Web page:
Governors-General of the Presidency of Fort William
The title of Viceroy was abandoned when India and Pakistan gained their independence in 1947, but the office of Governor-General continued to exist in both new dominions until they adopted republican constitutions in 1950 and 1956 respectively.
Warren Hastings (1774-1785)
- Warren Hastings, PC (6 December 1732 – 22 August 1818) was the first Governor-General of Presidency of Bengal, from 1772 to 1785.
- This post was created after Regulating Act of 1773
- He was impeached for crimes and misdemeanors during his time in India in the House of Commons upon his return to England.
Sir John Macpherson, 1st Baronet
- Sir John Macpherson was the acting Governor-General of India from 1785 to 1786.
- In February 1785, as senior member of the council, he became governor-general on Hastings’s resignation.
Charles Cornwallis (1786 – 1793)
- Best known as one of the leading British generals in the American War of Independence.
- Cornwallis Code and the Permanent Settlement in India.
- 1789 to 1792 he led British and Company forces in the Third Anglo-Mysore War to defeat the Mysorean ruler Tipu Sultan
- He was reappointed to India in 1805. He died in India not long after his arrival.
- Cornwallis engaged in reforms of all types that had an impact on many areas of civil, military, and corporate administration.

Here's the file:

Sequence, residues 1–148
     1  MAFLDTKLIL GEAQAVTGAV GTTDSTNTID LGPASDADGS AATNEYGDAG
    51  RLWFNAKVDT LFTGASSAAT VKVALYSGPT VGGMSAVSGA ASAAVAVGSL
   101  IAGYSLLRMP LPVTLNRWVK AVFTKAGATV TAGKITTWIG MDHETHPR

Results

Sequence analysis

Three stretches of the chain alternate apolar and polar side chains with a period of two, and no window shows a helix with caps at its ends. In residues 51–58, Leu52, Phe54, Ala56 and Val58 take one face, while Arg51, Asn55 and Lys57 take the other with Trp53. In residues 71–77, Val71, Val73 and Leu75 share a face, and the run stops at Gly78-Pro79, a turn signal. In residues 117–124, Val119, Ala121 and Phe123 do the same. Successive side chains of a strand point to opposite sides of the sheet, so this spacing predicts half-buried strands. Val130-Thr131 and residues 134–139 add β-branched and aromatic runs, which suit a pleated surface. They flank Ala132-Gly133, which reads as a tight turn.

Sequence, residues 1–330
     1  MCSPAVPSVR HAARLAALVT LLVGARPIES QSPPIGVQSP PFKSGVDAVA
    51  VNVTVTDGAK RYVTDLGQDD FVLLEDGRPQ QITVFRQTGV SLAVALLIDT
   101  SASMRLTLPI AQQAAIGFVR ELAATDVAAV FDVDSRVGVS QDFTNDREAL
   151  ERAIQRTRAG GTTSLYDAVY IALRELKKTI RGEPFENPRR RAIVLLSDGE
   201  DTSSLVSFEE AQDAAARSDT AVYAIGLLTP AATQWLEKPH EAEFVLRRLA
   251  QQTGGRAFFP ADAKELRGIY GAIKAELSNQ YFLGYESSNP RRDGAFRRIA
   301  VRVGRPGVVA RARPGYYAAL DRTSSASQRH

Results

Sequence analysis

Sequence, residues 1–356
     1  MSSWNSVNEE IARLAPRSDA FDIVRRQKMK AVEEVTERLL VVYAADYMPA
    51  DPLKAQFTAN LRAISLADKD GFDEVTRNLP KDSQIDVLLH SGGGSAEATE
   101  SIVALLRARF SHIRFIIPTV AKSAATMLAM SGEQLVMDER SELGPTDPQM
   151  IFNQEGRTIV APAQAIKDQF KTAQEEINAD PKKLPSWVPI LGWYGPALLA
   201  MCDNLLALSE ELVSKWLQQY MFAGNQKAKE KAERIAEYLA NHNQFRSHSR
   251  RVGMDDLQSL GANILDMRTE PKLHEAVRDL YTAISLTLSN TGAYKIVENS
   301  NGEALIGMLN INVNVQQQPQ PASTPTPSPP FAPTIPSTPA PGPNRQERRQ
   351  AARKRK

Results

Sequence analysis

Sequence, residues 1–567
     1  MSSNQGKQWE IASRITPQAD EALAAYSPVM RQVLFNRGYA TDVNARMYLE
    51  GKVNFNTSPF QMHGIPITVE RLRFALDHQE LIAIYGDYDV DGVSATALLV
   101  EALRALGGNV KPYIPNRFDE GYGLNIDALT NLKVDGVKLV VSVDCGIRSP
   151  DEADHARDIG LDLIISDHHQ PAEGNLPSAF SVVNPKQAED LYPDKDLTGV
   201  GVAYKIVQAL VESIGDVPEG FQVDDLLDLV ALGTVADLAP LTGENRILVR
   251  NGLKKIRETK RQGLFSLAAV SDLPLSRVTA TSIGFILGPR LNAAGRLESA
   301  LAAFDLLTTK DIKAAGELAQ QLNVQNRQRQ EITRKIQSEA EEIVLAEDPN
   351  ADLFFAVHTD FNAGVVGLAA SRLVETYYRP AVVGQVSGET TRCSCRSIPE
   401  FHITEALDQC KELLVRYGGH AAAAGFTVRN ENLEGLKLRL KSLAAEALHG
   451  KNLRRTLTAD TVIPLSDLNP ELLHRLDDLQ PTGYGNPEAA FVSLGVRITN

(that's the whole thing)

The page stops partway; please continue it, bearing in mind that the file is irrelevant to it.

- According to historian Jerry Dupont, Cornwallis was responsible for “laying the foundation for British rule throughout India and setting standards for the services, courts, and revenue collection that remained remarkably unaltered almost to the end of the British era.”
- He also enacted important reforms in the operations of the British East India Company, and, with the notable exception of the Kingdom of Mysore, managed to keep the company out of military conflicts during his tenure.
- Prior to Cornwallis’s tenure, company employees were allowed to trade on their own accounts and use company ships to send their own goods back to Europe. This practice was tolerated when the company was profitable, but by the 1780s the company’s finances were not in good shape. Cornwallis eliminated the practice, increasing employee salaries in compensation. He also worked to reduce nepotism and political favoritism, instituting the practice of merit-based advancement.
- Criminal and civil justice systems in the company’s territories were a confusing overlay of legal systems, jurisdictions, and methods of administration.